Egypt’s Minister of Irrigation Mohamed Abdel Atty said that Egypt suffers a shortage of water that reaches 54 billion cubic meters, and it needs a total of 114 billion cubic meters in order to cover its needs from water for agricultural, industrial and households needs.
Egypt’s current resources only provide about 60 billion cubic meters.
Meanwhile, Egypt is under the pressure of the new Grand Ethiopian Renaissance Dam (GERD) that has its negotiations failing. Earlier this month, the foreign ministers of Egypt, Sudan, and Ethiopia failed to reach an agreement to the dispute over the operation of the new dam.
Currently, Egypt’s foreign minister is coordinating with his counterparts to attend a new round of talks in Cairo with the ministers of irrigation from the three countries.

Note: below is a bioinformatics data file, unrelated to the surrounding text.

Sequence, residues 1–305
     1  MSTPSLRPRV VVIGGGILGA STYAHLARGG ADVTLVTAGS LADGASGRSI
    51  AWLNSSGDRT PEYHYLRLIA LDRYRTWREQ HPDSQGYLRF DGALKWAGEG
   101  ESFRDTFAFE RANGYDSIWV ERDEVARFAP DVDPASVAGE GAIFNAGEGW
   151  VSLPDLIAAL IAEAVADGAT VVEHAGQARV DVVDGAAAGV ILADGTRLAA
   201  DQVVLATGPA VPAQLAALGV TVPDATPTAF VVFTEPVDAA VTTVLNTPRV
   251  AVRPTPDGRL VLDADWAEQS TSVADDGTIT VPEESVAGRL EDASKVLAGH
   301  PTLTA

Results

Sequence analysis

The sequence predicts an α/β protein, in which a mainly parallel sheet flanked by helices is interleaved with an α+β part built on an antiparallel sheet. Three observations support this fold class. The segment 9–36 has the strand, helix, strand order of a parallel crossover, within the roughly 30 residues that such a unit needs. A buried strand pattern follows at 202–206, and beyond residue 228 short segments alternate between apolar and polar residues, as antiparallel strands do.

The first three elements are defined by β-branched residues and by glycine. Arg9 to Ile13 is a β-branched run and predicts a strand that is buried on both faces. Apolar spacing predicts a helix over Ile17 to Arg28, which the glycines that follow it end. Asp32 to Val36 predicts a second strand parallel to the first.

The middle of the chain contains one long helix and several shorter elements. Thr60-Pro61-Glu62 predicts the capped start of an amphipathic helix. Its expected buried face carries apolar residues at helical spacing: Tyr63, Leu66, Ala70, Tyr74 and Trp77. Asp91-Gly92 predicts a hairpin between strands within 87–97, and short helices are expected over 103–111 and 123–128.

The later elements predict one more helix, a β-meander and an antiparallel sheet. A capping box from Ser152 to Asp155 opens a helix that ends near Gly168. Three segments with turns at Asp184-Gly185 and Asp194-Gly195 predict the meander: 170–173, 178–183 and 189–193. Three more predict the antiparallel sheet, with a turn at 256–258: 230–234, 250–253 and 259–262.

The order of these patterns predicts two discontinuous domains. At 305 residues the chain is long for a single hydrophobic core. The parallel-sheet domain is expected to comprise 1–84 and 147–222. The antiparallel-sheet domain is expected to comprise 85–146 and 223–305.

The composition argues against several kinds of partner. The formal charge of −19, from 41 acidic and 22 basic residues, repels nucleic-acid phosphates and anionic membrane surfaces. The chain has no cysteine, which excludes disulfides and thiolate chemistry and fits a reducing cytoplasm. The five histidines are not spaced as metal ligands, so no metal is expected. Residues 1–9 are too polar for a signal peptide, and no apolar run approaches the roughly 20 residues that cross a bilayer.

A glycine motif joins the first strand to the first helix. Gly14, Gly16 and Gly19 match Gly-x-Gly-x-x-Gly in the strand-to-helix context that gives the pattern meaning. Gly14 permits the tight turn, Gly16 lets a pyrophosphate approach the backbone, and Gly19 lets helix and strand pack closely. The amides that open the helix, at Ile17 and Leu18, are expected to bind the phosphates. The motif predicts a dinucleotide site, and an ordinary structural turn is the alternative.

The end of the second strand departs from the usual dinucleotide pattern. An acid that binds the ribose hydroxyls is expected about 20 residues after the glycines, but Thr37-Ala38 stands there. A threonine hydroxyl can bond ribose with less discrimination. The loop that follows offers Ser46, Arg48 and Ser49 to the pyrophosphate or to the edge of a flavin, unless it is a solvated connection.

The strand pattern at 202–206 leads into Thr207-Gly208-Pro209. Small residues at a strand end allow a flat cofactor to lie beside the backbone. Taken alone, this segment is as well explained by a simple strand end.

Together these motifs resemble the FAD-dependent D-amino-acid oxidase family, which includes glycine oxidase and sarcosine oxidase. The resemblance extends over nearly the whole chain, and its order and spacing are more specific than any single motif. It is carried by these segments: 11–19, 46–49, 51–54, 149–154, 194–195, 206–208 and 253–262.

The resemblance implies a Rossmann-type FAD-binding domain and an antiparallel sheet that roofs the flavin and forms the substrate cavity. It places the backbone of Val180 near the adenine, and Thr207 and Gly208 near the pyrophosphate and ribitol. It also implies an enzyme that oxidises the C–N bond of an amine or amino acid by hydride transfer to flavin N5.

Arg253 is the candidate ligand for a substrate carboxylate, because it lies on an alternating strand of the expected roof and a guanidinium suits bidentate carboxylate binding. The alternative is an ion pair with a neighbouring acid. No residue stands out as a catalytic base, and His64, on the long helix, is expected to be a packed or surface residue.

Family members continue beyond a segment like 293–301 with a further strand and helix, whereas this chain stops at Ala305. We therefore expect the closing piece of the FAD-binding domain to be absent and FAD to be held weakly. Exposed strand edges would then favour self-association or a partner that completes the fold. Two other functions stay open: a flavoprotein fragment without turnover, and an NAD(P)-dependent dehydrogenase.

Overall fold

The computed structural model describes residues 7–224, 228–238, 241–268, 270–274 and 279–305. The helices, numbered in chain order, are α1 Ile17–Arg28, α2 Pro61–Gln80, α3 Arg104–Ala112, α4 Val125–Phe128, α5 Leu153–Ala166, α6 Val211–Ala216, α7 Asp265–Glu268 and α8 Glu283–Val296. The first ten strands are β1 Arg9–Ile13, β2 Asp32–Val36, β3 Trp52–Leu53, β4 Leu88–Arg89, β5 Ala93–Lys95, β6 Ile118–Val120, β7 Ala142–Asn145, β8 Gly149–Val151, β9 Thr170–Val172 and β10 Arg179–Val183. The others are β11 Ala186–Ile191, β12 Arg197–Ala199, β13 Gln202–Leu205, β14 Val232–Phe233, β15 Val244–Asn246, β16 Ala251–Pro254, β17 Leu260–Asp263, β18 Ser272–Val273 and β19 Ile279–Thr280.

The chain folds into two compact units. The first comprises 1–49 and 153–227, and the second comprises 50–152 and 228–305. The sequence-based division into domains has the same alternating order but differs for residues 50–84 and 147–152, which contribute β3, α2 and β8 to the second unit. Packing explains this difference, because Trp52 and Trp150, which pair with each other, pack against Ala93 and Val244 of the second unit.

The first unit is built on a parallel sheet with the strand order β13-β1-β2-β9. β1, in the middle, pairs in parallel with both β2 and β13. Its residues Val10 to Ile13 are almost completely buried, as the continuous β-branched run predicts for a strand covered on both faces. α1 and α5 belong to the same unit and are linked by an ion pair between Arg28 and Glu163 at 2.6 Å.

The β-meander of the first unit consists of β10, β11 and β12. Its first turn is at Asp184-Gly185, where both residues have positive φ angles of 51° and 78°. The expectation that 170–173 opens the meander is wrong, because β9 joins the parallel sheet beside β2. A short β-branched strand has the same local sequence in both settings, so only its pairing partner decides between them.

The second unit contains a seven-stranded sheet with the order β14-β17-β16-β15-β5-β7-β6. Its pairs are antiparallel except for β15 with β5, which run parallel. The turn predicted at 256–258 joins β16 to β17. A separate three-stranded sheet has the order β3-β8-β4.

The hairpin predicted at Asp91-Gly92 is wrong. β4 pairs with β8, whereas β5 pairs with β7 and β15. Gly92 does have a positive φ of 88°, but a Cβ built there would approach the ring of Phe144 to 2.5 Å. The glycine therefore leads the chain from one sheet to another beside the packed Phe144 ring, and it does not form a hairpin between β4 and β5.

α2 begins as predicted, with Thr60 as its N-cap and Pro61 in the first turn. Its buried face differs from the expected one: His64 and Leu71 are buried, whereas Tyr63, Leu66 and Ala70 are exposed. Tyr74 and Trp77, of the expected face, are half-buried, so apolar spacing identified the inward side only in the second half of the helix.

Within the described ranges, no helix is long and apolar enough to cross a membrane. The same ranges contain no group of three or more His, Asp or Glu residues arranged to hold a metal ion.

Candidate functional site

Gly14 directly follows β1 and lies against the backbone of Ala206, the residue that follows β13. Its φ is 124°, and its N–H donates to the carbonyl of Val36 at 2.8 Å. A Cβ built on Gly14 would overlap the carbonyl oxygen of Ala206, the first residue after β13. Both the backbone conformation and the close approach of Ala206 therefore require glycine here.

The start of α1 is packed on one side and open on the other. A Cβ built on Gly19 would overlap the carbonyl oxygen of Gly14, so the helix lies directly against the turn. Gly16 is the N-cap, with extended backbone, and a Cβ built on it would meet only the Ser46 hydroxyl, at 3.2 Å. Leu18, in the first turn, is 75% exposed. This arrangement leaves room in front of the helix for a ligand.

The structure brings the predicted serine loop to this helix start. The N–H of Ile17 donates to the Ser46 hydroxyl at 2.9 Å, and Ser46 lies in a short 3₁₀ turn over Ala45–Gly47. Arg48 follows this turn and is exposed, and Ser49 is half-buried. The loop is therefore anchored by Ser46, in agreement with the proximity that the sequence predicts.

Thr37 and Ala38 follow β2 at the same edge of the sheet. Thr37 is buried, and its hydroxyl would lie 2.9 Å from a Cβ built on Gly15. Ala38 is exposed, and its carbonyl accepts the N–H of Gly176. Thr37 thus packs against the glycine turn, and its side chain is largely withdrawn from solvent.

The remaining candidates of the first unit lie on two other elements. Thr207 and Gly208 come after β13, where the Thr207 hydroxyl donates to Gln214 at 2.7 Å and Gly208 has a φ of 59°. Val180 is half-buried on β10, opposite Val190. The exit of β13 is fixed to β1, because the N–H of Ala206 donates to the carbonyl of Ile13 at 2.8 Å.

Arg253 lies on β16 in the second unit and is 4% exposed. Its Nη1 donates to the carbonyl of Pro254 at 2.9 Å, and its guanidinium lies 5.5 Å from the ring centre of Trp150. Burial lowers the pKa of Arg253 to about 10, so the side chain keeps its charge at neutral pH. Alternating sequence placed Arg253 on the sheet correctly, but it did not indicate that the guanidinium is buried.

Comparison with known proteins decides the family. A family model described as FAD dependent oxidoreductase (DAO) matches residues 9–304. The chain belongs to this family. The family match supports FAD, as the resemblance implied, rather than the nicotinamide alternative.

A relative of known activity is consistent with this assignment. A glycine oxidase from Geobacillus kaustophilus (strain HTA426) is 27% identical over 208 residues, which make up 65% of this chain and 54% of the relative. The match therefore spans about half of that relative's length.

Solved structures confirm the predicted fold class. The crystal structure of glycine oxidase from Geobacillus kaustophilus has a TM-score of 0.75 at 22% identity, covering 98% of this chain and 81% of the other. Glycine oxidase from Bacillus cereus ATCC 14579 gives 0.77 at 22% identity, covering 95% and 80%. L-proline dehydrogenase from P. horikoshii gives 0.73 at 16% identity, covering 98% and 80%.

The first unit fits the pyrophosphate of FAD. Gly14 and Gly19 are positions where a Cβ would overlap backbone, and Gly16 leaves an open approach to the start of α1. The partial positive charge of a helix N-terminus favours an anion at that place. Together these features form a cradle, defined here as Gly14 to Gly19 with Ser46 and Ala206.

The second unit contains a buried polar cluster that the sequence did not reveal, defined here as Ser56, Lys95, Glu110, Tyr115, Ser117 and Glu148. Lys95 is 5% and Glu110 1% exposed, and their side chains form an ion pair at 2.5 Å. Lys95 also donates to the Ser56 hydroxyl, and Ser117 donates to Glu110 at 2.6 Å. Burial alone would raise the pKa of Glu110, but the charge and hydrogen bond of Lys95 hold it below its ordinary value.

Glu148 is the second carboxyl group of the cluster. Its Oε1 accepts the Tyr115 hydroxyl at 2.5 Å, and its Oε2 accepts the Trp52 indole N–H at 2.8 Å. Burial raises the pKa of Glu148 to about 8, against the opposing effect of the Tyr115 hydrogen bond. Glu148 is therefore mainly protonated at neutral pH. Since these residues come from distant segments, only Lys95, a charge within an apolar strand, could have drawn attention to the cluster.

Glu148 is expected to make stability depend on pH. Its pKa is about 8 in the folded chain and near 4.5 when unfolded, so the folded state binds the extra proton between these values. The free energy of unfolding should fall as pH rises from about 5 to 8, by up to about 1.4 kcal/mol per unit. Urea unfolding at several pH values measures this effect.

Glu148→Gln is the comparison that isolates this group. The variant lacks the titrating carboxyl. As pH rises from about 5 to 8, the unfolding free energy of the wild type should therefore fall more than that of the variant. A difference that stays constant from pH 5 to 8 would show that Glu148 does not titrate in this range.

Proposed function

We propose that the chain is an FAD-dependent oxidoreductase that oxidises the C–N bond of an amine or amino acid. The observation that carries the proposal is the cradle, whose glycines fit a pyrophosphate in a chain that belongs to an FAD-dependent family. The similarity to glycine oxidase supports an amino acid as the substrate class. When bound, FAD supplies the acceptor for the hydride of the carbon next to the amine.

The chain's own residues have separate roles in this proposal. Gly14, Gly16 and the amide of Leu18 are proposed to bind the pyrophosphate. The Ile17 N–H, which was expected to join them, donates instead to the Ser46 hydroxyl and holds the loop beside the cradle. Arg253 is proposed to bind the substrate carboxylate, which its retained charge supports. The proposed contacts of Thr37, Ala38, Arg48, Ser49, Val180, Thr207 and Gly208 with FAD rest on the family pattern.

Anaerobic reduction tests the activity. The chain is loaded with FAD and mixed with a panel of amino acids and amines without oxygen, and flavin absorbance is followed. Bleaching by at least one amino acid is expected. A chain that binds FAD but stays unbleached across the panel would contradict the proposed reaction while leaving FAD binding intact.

Despite multiple confirmations from Egyptian officials, including the president, that GERD will not affect Egypt’s water quota, it is widely believed that it will have negative repercussions on Egypt’s share. Ethiopia, on the other hand, announced as well that the dam is a matter of life and death and it firmly believes that the dam is vital to its development.
A recent BBC report suggested that Cairo is forecasted to is most likely to run out of water due to untreated agricultural and residential waste.